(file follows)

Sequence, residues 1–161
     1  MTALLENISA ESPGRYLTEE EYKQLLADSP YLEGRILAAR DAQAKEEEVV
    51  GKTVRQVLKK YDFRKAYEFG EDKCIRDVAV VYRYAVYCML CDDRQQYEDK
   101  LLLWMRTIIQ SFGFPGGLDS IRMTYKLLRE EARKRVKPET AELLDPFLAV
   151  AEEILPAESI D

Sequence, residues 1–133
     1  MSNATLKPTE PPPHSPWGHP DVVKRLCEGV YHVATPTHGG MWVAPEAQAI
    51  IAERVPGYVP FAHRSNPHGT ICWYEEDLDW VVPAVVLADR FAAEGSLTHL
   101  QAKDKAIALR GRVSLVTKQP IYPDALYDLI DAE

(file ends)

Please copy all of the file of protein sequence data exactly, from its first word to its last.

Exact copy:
Sequence, residues 1–161
     1  MTALLENISA ESPGRYLTEE EYKQLLADSP YLEGRILAAR DAQAKEEEVV
    51  GKTVRQVLKK YDFRKAYEFG EDKCIRDVAV VYRYAVYCML CDDRQQYEDK
   101  LLLWMRTIIQ SFGFPGGLDS IRMTYKLLRE EARKRVKPET AELLDPFLAV
   151  AEEILPAESI D

Sequence, residues 1–133
     1  MSNATLKPTE PPPHSPWGHP DVVKRLCEGV YHVATPTHGG MWVAPEAQAI
    51  IAERVPGYVP FAHRSNPHGT ICWYEEDLDW VVPAVVLADR FAAEGSLTHL
   101  QAKDKAIALR GRVSLVTKQP IYPDALYDLI DAE